Diarmuid Gavin: The family silver
A cool contrast with colourful blooms, silvery foliage is the perfect accent plant. Try these superstar picks...
Avery important aspect of garden planning is colour choice, so this week let's look at a cooling late- summer colour - silver.
Generally, silver-leaved plants have a much better chance of survival in poor soil conditions and in times of drought. Their surfaces are most often covered in fine hairs that enable them to withstand extreme heat by slowing down moisture loss, and the silver deflects the sun's rays. So they are a very good choice for a dry or gravel garden.
Silver foliage shimmers on hot, sunny days and brings flashes of light to even the most shady areas. It can set off pastel- coloured yellows, pinks, blues and greens, and is fantastic contrasted with hot red and orange flowers, making them look even more intense.
Silver plants can also look different at different times of the day, depending on what the light does to them and what plants surround them.
You can achieve fantastic effects by inserting combinations of silver foliage within your existing planting using grasses, flowering shrubs and perennials that are shot through with silver. The shimmering accents will help to unify the space, as the silver forms a connecting thread throughout. A garden design is much more powerful if the eye is guided around the site - and silver highlights will do just that.
Create a garden in rich layers using contrasting silver foliage shapes and textures such as the heavy rosette clumps of furry leaves that are characteristic of Verbascum olympicum; lush mounds of Perovskia 'Blue Spire' that have fine silver grey stems with the most fantastic violet-to-blue flower spikes; and the finely cut, almost white, foliage of Santolina chamaecyparissus (pictured main) that adds a beautiful rounded shape to the border. Take care not to overwhelm the space with too much of one thing by adding deep-green foliage plants with contrasting shapes and species with large and brightly coloured flowers such as paeonies, hydrangeas and euphorbias.
Silver sparklers to plant
Astelia chathamica: This architectural perennial has long sword-shaped leaves that are covered with a fine silver film; they set the scene beautifully and stand out strongly among other plants. Plant astelias in large clumps if you have a large garden, or use them as focal points to punctuate your space and lead the eye around the garden.
Eryngium planum 'Tetra Petra': This eryngium has the most wonderful spiky silver leaves that sparkle in the sun. Even spikier blue flowers are borne on silver stems in midsummer - a fantastic plant for texture and to introduce something a bit different amongst softer perennials.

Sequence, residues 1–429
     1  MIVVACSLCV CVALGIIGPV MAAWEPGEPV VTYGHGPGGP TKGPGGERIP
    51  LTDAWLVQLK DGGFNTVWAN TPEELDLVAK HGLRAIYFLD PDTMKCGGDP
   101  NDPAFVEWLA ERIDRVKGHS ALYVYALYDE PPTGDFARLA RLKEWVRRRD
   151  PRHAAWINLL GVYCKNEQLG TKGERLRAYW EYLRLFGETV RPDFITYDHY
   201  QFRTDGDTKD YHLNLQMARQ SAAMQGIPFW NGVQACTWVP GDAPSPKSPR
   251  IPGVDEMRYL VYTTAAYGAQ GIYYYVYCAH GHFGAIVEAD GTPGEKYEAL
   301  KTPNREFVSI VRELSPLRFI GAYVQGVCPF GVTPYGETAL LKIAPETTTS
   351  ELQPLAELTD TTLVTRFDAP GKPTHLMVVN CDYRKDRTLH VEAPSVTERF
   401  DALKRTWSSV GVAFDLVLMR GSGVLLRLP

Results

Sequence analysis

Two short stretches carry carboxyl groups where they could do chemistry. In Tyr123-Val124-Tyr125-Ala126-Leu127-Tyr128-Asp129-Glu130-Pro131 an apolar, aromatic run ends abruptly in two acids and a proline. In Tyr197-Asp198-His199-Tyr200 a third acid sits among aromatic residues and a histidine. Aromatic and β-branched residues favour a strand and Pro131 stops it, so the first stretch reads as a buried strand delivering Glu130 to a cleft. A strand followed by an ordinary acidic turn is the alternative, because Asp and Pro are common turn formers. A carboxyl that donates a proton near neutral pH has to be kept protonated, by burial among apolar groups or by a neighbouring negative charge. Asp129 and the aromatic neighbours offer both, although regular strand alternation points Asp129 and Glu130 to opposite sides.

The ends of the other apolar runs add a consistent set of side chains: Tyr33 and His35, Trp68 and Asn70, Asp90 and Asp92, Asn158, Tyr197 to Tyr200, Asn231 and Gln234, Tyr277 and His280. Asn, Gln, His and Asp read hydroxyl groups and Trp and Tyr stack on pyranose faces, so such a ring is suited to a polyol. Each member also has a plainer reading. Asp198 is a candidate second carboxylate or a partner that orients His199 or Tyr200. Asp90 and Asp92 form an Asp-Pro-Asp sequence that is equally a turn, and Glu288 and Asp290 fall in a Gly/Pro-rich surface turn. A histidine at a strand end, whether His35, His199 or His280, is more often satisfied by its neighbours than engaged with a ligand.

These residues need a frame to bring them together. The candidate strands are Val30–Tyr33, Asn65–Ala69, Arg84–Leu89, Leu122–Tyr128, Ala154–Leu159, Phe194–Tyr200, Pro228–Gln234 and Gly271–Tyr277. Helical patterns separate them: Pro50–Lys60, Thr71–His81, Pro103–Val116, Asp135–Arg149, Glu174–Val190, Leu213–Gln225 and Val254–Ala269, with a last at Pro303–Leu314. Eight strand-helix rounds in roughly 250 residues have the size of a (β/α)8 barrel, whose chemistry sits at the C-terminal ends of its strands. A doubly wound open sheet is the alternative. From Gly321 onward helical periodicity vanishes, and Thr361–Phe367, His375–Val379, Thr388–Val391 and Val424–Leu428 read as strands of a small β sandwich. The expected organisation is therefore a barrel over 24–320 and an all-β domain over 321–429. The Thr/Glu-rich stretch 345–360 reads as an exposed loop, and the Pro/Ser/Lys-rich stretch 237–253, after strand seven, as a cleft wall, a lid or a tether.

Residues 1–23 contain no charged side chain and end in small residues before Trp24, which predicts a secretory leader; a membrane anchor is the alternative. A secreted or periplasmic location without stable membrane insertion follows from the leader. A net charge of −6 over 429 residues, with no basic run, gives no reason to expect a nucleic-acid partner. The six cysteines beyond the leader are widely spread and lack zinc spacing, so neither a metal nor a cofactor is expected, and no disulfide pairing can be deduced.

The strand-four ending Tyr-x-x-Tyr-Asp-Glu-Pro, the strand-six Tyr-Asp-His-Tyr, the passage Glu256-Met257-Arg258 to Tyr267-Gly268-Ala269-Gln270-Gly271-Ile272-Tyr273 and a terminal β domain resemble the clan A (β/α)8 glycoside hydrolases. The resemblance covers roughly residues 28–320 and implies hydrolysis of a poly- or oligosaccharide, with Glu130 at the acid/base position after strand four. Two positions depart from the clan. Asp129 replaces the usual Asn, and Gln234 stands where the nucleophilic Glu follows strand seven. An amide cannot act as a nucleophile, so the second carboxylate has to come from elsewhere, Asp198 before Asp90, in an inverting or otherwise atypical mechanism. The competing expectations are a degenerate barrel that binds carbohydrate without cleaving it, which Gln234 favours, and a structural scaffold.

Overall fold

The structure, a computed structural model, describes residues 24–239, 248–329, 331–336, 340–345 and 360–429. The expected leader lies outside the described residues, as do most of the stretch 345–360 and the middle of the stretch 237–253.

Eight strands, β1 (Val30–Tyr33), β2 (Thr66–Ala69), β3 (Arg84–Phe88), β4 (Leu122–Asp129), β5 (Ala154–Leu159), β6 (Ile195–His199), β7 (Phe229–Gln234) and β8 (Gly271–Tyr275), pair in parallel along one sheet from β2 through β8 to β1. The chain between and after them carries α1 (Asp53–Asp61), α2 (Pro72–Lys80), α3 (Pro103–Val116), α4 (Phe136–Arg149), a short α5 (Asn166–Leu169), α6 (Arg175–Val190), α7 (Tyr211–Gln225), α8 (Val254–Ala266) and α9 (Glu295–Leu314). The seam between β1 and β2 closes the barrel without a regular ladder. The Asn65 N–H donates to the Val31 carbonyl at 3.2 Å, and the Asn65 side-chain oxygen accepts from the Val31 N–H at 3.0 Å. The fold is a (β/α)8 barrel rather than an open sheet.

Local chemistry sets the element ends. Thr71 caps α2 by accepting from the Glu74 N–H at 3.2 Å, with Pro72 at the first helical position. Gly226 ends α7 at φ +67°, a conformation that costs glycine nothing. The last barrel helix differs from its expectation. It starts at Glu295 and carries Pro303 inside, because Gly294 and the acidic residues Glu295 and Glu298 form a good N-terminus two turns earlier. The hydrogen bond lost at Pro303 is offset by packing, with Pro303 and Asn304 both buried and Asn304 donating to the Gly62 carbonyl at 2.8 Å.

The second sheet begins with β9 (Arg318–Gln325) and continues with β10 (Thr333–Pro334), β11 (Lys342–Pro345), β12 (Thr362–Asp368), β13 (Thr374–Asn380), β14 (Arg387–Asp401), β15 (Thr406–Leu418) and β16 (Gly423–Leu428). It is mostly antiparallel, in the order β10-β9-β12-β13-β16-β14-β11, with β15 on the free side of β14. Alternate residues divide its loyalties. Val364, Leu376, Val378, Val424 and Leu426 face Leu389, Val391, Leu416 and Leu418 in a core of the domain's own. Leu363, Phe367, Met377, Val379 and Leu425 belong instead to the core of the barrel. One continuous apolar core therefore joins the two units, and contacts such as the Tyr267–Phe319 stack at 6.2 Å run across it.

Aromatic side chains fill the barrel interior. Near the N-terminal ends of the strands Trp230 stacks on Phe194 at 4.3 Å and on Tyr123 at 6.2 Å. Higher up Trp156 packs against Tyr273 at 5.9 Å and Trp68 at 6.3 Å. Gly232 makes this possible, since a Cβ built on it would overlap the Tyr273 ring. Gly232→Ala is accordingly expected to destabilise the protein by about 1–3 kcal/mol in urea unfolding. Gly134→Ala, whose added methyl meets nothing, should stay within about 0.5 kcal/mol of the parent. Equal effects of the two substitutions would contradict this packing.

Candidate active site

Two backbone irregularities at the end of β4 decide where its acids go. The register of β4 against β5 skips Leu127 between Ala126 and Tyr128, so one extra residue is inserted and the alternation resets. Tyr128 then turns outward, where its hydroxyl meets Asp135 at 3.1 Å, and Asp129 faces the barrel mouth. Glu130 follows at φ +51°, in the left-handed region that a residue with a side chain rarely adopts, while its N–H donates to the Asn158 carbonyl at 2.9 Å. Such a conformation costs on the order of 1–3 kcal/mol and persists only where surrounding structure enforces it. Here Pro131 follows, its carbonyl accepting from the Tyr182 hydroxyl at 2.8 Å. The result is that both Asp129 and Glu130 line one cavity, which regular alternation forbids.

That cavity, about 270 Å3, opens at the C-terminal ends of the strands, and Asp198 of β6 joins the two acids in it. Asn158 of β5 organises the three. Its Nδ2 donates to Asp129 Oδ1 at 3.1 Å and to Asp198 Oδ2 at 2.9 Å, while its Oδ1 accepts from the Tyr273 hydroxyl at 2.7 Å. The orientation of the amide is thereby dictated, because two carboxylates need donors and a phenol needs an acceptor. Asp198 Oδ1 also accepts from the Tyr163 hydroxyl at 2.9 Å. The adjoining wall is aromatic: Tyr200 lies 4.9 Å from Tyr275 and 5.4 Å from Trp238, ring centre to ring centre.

Artemisia 'Powis Castle': An elegant, classy foliage plant that has a mass of very fine, deeply cut silver leaves that are wonderfully aromatic. Soft sprays of yellow flowers add to the effect, but this is generally grown for foliage. Grow them in large swathes that flow into contrasting foliages and deeply coloured flowers.
Stachys byzantina: The classic silver woolly 'bunny ears' that you just can't resist rubbing between your fingers. A real favourite for children and a fantastic plant for evergreen clumping foliage that fills the border. It complements deep-green foliage plants like anemones, hellebores and agapanthus beautifully, adding depth to planting.
Salvia officinalis 'Purpurascens' (above): Another dense foliage plant, but these silvery green leaves are flushed with purple when young and are deeply aromatic. Plant this sage in large clumps closer to the house to allow for easy access when you need a sprig in the cooking.
Festuca glauca 'Elijah Blue' (below): A superb silvery blue grass that is ideal for the front of the border as it grows to a maximum of 10cm. Wonderful grassy tufts contrast well with neighbouring plants. Plant with astrantias, penstemons and other grasses for great effect.
Lavandula angustifolia: The wonderful swaying lavender that sits beautifully in contemporary garden designs as well as in traditional English country gardens. Shapely, fragrant and useful: its fine, silvery green leaves are adorned with deep-purple flowers in summer. Lavender looks good next to anything but is also a fantastic standalone plant. Choose the more compact Lavandula angustifolia 'Hidcote' if you want a neater lavender hedge.